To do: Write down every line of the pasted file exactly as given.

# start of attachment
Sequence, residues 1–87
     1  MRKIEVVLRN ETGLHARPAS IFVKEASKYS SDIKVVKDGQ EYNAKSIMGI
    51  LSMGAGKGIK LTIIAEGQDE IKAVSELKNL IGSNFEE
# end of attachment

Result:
Sequence, residues 1–87
     1  MRKIEVVLRN ETGLHARPAS IFVKEASKYS SDIKVVKDGQ EYNAKSIMGI
    51  LSMGAGKGIK LTIIAEGQDE IKAVSELKNL IGSNFEE